Anti-evolution 'Academic Freedom' Bil...

Anti-evolution 'Academic Freedom' Bills: What is Academic Freedom Anyway?

There are 13 comments on the www.scientificblogging.com story from Jul 13, 2008, titled Anti-evolution 'Academic Freedom' Bills: What is Academic Freedom Anyway?. In it, www.scientificblogging.com reports that:

You may have heard the news that Louisiana's governor recently signed an "Academic Freedom" bill, the first such bill to pass in a recent string of efforts to allow public school teachers to push non-scientific alternatives to evolution.

Join the discussion below, or Read more at www.scientificblogging.com.

Anyway

Oakville, TX

#1 Jul 13, 2008
Imagine Louisiana keeps her people below the water and poverty levels but pushes non-scientific alternatives to evolution. What a deal!
formally abducted

United States

#2 Jul 13, 2008
much ado about nothing: in all fairness,take a look at this states highschool graduation rate,now look at the rate for childcare, food stamps,housing subsidies federal and state for ages 18 to 25,now look at the rate for this age bracket currently residing in jail and prison,I do hope that one of the 'alternatives' will be an education.

Since: May 07

Indianapolis, IN

#3 Jul 13, 2008
The last sentence of the article says it all:
In just about every case, you'll find that the real reason for the calls for academic freedom is to permit these teachers to get around the state-mandated curriculum that they are being paid to teach.
The phrase "academic freedom", when it is used by ID proponents, is nothing more than code for "let's force a purely hypothetical religious concept into the curriculum as part of our effort to rid the world of the annoying fact of evolution, which offends us because it does not mesh with our Christian beliefs".

“Up and out, or down and out”

Since: Apr 08

Quitman, LA

#4 Jul 13, 2008
Louisiana's school systems have consistently under-performed compared to the US average. I graduated HS in Louisiana in 1972. My only 'required' class for graduation was PE, since I already had 3 each of science, math, English, social studies, and I had the required classes in other categories. Can you see going to school for physical ed. only? I took a full load, less one period for study hall {the first for me). Evolution was taught as part of biology class at the time. There was no mention of 'intelligent design' or creationism. That crap was left to church, where it belongs.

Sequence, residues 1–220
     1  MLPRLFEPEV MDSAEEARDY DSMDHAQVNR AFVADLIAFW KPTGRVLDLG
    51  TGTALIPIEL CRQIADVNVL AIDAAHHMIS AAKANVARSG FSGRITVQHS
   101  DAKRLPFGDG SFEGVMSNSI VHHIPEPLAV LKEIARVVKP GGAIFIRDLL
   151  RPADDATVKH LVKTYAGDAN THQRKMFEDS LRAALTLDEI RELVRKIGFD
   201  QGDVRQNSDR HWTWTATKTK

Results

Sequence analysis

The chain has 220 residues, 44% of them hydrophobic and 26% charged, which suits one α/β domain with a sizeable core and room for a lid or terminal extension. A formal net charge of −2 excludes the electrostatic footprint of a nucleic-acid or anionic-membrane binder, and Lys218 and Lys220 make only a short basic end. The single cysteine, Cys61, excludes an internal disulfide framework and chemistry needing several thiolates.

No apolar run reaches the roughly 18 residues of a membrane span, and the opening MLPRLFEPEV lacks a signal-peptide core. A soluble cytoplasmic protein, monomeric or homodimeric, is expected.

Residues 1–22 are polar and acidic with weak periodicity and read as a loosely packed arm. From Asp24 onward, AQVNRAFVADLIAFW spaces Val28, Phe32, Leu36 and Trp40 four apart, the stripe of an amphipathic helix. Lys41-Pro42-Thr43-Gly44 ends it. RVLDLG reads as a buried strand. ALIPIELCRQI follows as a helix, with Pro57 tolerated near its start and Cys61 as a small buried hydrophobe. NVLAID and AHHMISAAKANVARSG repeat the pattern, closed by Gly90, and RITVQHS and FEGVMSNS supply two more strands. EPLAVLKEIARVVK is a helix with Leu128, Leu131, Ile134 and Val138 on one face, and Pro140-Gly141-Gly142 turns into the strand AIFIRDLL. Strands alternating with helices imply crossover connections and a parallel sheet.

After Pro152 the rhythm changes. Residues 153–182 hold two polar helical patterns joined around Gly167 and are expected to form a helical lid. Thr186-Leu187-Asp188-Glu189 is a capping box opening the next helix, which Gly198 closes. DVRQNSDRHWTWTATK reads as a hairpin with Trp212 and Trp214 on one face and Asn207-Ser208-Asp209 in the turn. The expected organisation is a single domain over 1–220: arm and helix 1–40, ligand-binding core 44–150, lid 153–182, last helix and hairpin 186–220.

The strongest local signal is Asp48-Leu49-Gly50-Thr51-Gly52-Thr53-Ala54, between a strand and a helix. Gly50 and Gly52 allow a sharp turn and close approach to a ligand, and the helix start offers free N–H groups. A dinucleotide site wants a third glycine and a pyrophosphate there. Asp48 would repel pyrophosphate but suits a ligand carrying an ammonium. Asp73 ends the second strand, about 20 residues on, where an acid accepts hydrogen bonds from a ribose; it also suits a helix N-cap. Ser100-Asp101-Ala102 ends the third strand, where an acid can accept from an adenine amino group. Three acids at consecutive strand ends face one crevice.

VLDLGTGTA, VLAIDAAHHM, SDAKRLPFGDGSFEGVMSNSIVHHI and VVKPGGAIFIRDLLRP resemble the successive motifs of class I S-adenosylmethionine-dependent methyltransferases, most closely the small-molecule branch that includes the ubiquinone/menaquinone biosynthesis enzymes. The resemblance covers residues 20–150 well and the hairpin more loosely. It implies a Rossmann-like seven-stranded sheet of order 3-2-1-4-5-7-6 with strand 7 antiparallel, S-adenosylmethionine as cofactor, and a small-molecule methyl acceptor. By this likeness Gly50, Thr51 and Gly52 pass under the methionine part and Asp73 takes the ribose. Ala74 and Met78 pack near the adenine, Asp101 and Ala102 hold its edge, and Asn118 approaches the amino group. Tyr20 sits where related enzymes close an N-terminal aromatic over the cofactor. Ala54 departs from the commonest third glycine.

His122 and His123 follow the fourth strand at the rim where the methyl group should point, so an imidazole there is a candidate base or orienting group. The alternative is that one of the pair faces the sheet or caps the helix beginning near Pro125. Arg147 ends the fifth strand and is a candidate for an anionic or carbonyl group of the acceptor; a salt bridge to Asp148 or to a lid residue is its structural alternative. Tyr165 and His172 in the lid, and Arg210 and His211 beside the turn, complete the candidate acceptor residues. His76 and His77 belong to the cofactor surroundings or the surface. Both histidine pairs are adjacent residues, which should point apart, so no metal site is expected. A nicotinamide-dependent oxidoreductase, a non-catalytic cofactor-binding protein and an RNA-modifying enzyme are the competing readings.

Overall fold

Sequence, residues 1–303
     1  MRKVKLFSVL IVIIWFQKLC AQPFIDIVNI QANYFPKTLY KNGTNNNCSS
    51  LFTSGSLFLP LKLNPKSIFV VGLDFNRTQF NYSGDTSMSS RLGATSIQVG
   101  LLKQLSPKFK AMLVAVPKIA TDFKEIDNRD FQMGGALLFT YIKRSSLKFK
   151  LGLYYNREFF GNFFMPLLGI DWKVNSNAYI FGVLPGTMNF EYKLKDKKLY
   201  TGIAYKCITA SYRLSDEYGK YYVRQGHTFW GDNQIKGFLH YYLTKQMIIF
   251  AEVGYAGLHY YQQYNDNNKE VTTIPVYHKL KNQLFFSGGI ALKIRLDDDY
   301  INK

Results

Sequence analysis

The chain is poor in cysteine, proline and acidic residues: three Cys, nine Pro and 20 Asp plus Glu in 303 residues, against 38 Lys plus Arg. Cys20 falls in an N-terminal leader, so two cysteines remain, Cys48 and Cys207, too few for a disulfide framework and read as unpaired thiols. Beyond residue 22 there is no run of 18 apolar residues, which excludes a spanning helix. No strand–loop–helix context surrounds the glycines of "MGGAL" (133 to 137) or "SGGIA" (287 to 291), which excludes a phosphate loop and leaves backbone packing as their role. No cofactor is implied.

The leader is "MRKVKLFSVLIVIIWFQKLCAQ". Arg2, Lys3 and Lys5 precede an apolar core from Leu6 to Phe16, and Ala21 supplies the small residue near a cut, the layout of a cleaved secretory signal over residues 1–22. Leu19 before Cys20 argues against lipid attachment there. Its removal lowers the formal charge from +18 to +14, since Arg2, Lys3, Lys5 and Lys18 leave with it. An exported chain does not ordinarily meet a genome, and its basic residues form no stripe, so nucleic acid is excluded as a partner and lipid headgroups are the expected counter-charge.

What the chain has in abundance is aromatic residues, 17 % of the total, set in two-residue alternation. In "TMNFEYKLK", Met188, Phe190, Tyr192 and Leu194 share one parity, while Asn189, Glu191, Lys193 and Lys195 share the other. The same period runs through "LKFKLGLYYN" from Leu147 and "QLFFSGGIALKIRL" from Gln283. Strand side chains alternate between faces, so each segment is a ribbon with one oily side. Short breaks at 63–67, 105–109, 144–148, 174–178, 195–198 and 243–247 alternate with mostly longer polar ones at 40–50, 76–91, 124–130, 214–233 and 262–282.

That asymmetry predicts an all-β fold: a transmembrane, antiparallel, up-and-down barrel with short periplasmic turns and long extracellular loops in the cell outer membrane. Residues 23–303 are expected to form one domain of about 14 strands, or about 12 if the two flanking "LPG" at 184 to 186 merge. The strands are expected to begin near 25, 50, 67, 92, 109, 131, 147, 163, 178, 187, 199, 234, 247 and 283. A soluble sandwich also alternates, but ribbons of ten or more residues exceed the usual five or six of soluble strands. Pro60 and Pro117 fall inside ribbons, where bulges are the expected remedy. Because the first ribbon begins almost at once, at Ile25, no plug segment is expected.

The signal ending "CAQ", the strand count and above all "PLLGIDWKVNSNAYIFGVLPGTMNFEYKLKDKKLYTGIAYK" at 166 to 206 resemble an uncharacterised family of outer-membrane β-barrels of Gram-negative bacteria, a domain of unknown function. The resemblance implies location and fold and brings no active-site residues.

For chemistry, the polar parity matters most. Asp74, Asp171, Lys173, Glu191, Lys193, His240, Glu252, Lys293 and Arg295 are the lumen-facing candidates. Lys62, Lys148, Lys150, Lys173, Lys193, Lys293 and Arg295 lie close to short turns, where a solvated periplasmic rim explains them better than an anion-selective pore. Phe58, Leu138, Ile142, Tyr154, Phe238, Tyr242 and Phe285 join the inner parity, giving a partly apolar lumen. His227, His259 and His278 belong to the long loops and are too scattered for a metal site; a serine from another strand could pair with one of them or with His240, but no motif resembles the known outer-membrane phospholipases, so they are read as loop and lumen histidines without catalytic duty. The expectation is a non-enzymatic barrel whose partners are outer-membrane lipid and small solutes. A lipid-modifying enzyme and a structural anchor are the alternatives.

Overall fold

silentmajority

Euless, TX

#5 Jul 13, 2008
Matt from Akron wrote:
The last sentence of the article says it all:
<quoted text>
The phrase "academic freedom", when it is used by ID proponents, is nothing more than code for "let's force a purely hypothetical religious concept into the curriculum as part of our effort to rid the world of the annoying fact of evolution, which offends us because it does not mesh with our Christian beliefs".
ID poses some very pointed questions that Darwinists and evolution fail to answer. Have you ever actually read Behe?

Since: May 07

Indianapolis, IN

#6 Jul 13, 2008
silentmajority wrote:
<quoted text>
ID poses some very pointed questions that Darwinists and evolution fail to answer. Have you ever actually read Behe?
Evolution is established scientific fact. There are gaps in the theory, as there are in all theory. Even evolutionary scientists (ESPECIALLY evolutionary scientists) point out the places where more discovery and understanding is needed. The theory of gravity also lacks 100% fleshing out, but gravity is a fact. I have read enough Behe, and enough ID in general, to know he is not only a dishonest excuse for a scientists, but shifts his position every time his crap is refuted. Even his employer, Lehigh University, publishes a disclaimer about him on their website in order to distance themselves from his unacademic and unscientific behavior. His admission on the stand at the Dover trial that astrology would have to be considered science, given his definition of science as pertains to ID, says it all to me.

I have nothing against the concept of some form of ID - provided it is science-based. After all, I'm a Christian who believes God created the universe - just not the way it says in Genesis.

However, there is no theory of intelligent design, there have been no experiments, no research, no theory. All they can do is point out supposed flaws in evolutionary theory, and point out the obvious - that we don't know everything about evolution yet.

I'll take the word of 150 years of scientific research in fields as diverse as genetics, molecular biology, geology, paleontology, zoology, nuclear physics, chemistry, biology and anatomy - all of which directly support the ToE - over the word of a bunch of politically-motivated people with a thinly disguised religious ageda masquerading as science, who were caught lying under oath at the Dover trial.